Photo Credit: Image created by Bob Craypoe, also known as R. L. Crepeau.

Every Song is an Exercise

Most people just learn a song for the sake of learning a song or just simply because they like it. Well what if I was to tell you another reason for learning a song? How about learning a song for the purpose of learning a specific technique?

I remember when I was first learning how to play guitar. I would see a guitarist from some famous group do a certain technique. I would sit up and say: "wow! I have got to learn how to do that!" So I'd pick up one of the band's albums and the sheet music for it, just so I could learn some of their music. I would learn a few of my favorite picks of their songs, usually the ones that had the techniques I wanted to incorporate into my own playing. Then of course something else would come along and I'd do the same.

I learned how to fingerpick fairly early on in my learning years. I started out with a song that used only a couple of fingers (thumb and index) and then I would learn a song that utilized three fingers, and so on. Then I saw Jimmy Page play with a pick and his fingers. Then I obviously had to learn how to do that. I've learned bits and pieces of numerous songs and it was usually for the purpose of learning how to do a specific technique. A lot of the songs I never ended up doing with any of the bands I was in. But the techniques were applied to some of our originals and even applied to some of the covers we did by other artists.

Most people think that the process of learning a piece of music for the sake of learning a technique is just a learning process that is usually applied by beginners. But even experienced guitarists can benefit from this approach, especially since there is always some innovation popping up in the guitar world. Like when Eddie Van Halen came out and did "Eruption." All of a sudden everyone wanted to do hammer-ons. When Randy Rhoads came out, everybody wanted to blend Classical guitar with hard rock. When Yngwie Malmsteen came out, everybody wanted to do lightning fast arpeggios. I'm not saying that someone should learn the trick of the day just to keep up with the trends but they should at least be willing to continue to improve themselves as musicians. To be a well-rounded player, one should learn multiple techniques. And this could be done one song at a time. So every song could potentially be an exercise.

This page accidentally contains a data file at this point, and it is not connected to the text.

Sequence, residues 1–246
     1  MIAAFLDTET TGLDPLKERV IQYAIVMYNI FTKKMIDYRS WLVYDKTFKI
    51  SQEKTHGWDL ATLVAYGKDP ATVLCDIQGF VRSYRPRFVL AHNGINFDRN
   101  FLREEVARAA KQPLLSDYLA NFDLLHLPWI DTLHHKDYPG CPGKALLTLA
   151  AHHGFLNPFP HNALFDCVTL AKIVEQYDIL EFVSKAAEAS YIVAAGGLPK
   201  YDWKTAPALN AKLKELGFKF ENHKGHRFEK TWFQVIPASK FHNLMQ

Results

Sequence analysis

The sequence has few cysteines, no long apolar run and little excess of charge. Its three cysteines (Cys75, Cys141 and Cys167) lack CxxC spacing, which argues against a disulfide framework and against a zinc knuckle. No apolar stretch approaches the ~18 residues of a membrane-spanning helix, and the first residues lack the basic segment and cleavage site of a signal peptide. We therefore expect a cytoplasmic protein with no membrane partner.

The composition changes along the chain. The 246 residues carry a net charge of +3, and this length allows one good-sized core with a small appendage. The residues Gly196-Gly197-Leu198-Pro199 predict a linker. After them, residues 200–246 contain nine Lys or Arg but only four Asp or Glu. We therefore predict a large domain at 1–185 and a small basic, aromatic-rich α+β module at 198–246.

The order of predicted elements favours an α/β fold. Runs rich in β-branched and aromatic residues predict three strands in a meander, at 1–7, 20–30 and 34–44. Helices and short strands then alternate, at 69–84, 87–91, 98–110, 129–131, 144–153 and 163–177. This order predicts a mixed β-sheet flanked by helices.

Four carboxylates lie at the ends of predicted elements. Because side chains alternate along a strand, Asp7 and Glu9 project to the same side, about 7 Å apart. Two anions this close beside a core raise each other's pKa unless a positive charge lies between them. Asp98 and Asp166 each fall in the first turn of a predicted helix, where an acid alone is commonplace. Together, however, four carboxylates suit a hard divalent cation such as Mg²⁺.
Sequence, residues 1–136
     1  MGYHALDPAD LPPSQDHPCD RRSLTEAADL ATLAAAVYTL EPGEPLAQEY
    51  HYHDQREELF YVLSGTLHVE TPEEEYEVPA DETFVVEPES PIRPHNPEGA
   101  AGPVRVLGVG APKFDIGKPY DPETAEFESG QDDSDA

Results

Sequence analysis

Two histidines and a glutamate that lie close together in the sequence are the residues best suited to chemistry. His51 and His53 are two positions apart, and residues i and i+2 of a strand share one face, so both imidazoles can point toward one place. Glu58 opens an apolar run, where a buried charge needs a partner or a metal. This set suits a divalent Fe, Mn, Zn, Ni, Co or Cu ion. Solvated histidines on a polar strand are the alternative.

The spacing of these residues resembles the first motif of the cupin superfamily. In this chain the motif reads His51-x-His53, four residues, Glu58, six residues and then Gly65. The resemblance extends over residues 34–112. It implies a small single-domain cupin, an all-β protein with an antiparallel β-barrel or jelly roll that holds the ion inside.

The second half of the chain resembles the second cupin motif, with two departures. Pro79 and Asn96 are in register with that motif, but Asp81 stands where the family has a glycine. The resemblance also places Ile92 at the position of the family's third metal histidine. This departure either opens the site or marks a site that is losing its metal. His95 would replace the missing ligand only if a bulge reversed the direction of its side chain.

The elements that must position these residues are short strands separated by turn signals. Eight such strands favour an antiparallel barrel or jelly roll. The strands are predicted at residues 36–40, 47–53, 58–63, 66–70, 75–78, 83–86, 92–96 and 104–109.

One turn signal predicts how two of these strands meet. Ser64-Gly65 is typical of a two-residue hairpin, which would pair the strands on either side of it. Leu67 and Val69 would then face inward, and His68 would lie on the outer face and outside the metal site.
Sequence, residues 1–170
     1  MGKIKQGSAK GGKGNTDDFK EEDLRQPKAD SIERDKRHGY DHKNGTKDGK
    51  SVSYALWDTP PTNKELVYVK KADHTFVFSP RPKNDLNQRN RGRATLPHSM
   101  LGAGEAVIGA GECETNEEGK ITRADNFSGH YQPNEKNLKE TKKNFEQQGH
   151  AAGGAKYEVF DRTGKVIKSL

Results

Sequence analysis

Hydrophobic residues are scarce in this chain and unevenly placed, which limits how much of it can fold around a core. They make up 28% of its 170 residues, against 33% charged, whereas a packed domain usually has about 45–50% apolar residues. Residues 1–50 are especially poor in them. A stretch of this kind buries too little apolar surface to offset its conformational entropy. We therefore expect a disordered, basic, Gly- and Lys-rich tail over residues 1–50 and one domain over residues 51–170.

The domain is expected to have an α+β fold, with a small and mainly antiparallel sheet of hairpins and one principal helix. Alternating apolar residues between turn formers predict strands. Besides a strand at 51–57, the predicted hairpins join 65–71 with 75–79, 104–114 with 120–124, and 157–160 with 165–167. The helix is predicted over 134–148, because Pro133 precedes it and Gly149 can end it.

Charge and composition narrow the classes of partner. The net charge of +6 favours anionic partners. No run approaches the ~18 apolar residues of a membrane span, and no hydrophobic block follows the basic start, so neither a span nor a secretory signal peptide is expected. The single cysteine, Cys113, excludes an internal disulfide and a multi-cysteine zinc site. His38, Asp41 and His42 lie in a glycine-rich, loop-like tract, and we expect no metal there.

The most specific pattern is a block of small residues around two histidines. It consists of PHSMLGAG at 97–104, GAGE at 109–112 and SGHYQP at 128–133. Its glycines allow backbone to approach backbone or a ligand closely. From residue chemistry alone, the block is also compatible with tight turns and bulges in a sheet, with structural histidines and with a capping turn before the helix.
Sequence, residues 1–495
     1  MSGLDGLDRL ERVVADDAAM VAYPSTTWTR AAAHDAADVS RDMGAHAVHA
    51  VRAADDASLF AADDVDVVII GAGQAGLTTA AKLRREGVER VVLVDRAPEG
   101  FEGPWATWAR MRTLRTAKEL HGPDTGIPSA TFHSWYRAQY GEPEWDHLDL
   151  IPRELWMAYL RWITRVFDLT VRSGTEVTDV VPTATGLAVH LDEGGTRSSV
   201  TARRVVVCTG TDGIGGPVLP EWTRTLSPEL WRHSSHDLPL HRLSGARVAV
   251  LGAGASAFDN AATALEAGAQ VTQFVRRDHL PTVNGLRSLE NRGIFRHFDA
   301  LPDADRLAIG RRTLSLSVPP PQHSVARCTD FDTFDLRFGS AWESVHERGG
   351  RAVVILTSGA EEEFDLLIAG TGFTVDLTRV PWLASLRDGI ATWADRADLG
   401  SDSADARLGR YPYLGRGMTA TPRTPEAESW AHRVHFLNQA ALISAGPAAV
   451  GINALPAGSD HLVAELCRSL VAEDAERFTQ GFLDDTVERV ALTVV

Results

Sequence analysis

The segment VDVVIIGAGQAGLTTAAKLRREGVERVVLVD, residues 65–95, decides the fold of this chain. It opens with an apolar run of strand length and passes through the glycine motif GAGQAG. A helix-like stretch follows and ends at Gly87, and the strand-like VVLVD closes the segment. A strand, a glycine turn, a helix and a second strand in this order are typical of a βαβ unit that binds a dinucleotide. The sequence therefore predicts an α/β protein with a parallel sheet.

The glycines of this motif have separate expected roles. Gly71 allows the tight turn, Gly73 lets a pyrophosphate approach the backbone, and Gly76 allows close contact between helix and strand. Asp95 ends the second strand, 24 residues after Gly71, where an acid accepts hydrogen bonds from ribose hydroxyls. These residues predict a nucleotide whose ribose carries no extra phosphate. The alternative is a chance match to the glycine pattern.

Photo Credit: Image created by Bob Craypoe, also known as R. L. Crepeau. More music related information can be found on

Being a Musician in the Computer Age

Remember all those stories you heard as a kid? Like how grandpa had to walk two miles to school in three feet of snow because they didn't have school buses? Well the same could be said of the computer age. After all, I didn't have a computer when I was a kid. Now before you start playing the violin, I am not saying this for sympathy. There is actually a point to this article. The point is: Make the most of it.

In the old days, if we wanted to learn song lyrics, we had to listen to a tape over and over and write them down manually. Quite often, the guys who were doing the singing didn't enunciate like we wished they had. Now, all you have to do is run a search on the Internet for the lyrics to a particular song and, sho' nuff, it's on somebody's Website somewhere.

In the old days, if you wanted to make quality recordings of your original music, you had to pay for expensive studio time. Now you can actually create quality recordings on your PC, using a variety of affordable software.

In the old days, if you wanted to reach large numbers of people with your original music, you basically had to get some sort of a record deal. Now you can create your own website and upload your songs in MP3 format and make them available for download. Also, on the Internet, you have the potential of reaching people all over the world.

In the old days, if you wanted to distribute large quantities of your album, you had to fork out a lot of cash to have your records and tapes produced. Now you can burn them on a record-able CD ROM drive. You can even create your own CD inserts and labels.

In the old days, if you wanted to learn guitar chords and scales, you actually had to buy a book from your local music store. Now you can learn guitar chords and scales online for free.

In the old days, if you wanted to hag up fliers or posters to promote your shows you either had to do some sort of unsightly hand-written one or pay to have a professional quality one printed up at your local print shop. You can now do a decent quality one in a word processor program on your PC. then you can go to Staples to run up a bunch of copies.

In the old days, we had to buy music magazines to keep up on the latest gear. Now you can read reviews and articles online about various equipment, CD's and everything imaginable that's related to music or pursuing a career in music. You can even order music equipment and supplies online.